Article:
Peru is one of the fastest-growing economies in Latin America, expanding an average of 6.1% between 2002 and 2013, according to figures from the World Bank. Growth slowed in recent months, but a rebound in mining helped Peru achieve a better-than-expected 2.68% expansion in March, compared to the same month in 2014.
Peru is the world’s third-largest copper producer and the eighth-largest gold producer. About 60% of its export earnings come from mineral shipments, according to business news service Reuters. Fishing and financial services are expanding sectors of the economy, as well, taking up some of the slack left by a decline in natural gas and crude oil production. The economy grew 2.35% in 2014, and the government estimates growth of 4% this year.
China and the United States are Peru’s top trading partners, and the former has made a public display of support in recent months. Chinese Premier Li Keqiang visited Peru in May. During the visit, Peruvian President Ollanta Humala agreed to a feasibility study for China’s proposed 5,300-kilometer (3,300-mile) east-west railway stretching from Peru to Brazil. The estimated US$10 billion-plus project would help China reduce the cost of shipping raw materials and agriculatural products. Opponents contend it could destroy undeveloped parts of the Amazon rainforest and affect hundreds of indigenous communities.
Business travel industry insight
Business travelers to Peru must obtain a business visa from a Peruvian consulate before entering the country. Upon arrival, it’s essential to obtain an entry stamp, which must be shown in order to leave Peru. Declare electronics and items for commercial use when you arrive; failure to do so could lead to incarceration, fines and seizure of undeclared items, including laptop computers. Security is a significant concern in rural areas—less so in cities, where the more common problem for visitors is disruptions caused by protests or strikes. Peru’s expanding tourism sector has improved amenities, and business travelers to urban areas can choose from a variety of hotels and easily find ATMs.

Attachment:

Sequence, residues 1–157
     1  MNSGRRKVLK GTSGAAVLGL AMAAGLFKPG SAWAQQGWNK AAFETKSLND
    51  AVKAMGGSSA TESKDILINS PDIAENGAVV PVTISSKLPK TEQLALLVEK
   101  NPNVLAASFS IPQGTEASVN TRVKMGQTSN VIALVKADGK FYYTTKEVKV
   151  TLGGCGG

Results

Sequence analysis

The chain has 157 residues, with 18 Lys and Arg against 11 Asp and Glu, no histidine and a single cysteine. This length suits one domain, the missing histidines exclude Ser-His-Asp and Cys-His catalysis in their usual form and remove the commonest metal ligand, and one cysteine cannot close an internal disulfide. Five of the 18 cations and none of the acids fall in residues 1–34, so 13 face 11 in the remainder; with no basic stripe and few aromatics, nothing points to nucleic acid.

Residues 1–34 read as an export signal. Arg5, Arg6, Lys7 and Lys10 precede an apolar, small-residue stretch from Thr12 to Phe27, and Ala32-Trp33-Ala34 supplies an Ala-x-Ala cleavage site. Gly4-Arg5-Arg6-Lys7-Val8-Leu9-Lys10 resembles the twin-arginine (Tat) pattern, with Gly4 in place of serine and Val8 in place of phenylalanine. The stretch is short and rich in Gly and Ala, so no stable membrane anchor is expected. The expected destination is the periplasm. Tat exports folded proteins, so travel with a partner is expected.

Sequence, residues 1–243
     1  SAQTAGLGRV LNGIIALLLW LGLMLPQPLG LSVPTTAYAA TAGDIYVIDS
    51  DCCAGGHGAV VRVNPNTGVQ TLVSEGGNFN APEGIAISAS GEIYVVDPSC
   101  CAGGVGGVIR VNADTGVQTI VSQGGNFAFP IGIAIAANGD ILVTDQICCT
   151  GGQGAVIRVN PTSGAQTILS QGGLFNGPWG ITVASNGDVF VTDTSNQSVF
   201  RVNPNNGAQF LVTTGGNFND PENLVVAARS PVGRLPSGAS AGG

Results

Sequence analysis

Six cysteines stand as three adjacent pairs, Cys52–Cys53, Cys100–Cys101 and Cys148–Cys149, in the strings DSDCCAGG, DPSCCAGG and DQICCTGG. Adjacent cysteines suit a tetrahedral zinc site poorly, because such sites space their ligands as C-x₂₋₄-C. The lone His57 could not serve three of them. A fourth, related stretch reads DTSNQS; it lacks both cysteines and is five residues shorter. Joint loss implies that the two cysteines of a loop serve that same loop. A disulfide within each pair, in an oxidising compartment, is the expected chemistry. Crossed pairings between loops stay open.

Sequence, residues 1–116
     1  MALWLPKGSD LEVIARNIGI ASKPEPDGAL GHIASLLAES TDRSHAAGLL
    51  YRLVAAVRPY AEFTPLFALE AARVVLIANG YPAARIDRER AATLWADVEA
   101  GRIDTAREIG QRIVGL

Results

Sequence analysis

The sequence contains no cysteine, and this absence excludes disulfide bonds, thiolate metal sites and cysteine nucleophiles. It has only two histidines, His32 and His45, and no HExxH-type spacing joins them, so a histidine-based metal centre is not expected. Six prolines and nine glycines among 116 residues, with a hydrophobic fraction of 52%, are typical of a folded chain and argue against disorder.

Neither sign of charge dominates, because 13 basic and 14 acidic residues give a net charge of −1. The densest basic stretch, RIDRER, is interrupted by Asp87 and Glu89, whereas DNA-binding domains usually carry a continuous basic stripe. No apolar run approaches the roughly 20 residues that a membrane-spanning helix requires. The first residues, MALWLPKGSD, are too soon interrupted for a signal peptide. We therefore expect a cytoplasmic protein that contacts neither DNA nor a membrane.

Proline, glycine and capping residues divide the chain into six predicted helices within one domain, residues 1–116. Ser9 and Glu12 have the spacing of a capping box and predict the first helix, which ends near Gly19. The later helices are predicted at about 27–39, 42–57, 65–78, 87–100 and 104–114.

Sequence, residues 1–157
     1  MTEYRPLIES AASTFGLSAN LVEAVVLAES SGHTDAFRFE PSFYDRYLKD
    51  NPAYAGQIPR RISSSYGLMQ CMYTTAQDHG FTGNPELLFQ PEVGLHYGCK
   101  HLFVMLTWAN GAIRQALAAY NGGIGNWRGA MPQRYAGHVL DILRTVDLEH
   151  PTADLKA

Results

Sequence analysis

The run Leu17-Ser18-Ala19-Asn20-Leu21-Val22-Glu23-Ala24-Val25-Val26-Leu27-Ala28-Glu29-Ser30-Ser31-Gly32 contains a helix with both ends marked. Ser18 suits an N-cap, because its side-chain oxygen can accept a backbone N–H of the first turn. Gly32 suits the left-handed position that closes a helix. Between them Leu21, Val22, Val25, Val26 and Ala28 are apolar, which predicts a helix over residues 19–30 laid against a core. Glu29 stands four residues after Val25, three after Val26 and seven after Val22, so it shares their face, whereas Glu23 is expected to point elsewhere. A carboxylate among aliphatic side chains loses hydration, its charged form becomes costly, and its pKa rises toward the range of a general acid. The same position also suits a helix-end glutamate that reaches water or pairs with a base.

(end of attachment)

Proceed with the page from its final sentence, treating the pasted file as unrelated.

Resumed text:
- Mining continues to expand in Peru, with two new copper mines, Constancia and Toromocho, ramping up production this year.
- The U.S. recovery may partially offset the effect China’s economic slowdown has had on the Peruvian economy.
- Economic prosperity has reached Peru’s poor. Between 2005 and 2013, poverty rates fell by more than half—from approximately 55.6% to 23.9% of the population, according to the World Bank.
- Mining often pits business and government interests against indigenous and environmental groups. For example, in late May the government initiated two months of martial law in the southern state of Arequipa, where local residents are protesting a planned copper mine.
- This year’s El Niño, a periodic warming of Pacific Ocean sea surface temperatures, could disrupt fishing and other key Peruvian industries.
- Despite the country’s economic gains, many Peruvians lack full access to health services, education and employment.
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